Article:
"The trouble with Jeff is that he lacks the power of conversation but not the power of speech."

Category Archives: Postbellum America

American Horrors, Part II: No Justice for Them Here

Note: This is the second part in a series of vignettes about the roots of post-Civil War institutionalized racism in the United States, focusing on the lives of two participants– Ida B. Wells in defense of African-American lives and rights, and ‘Pitchfork’ Ben Tillman, one of the architects of Jim Crow. Part I: Roots of […]

American Horrors: Roots of Oppression, Racism, and Black Resistance, Part I

Preface: On NPR this morning, I heard a news story about one of the many series of protests of the police killings of black men across the United States, two just this week alone. Increasingly, and indeed in one of the sound clips NPR played, these killings of unarmed black men are increasingly portrayed as […]

Massachusetts Civil War Monuments Project

In the interest of blatant self-promotion, I wanted to share widely and boost the signal of an informal project that I’m very happy to have become involved with. A little earlier this year on Memorial Day Weekend, long-time friend and historian Patrick Browne (he of the Historical Digression blog, which you really need to follow […]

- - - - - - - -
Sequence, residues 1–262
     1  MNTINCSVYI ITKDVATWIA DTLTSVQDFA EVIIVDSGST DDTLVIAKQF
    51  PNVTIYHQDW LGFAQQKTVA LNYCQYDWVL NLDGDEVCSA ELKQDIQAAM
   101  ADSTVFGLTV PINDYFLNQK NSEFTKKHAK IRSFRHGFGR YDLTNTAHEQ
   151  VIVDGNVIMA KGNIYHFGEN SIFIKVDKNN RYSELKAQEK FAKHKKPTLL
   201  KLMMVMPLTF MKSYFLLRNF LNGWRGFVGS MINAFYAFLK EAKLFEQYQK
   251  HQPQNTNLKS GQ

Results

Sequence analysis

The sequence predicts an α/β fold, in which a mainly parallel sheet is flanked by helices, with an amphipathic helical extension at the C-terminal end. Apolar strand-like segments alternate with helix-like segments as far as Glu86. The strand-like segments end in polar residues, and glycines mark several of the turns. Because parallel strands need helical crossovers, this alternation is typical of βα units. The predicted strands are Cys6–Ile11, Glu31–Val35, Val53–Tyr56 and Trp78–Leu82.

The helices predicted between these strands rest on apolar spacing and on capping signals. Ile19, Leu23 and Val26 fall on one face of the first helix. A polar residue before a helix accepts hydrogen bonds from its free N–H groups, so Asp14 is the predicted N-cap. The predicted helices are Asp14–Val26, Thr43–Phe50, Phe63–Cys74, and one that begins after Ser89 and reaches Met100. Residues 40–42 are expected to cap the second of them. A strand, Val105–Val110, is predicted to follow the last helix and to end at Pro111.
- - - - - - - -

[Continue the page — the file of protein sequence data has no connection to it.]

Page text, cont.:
“One Woman in a Thousand Years”

(Editor’s Note: The is the fourth in an ongoing grouping of posts dealing with my research on 22nd MVI veteran, draftee and Springfield resident Orrin Cook. See the series of posts under the “Orrin Cook” category here.) Orrin Cook, late of the 22nd Massachusetts, was a well-lettered man. His war diary belies his literacy and […]

The Common Soldier

Yesterday at the living history at Cambridge, one of the selections read in the poetry program was one I discovered in a period book– Anecdotes, Poetry and Incidents of the War, North and South 1861-1865, edited by Frank Moore in 1882. So many stories told of this war– and of all wars– deal with the […]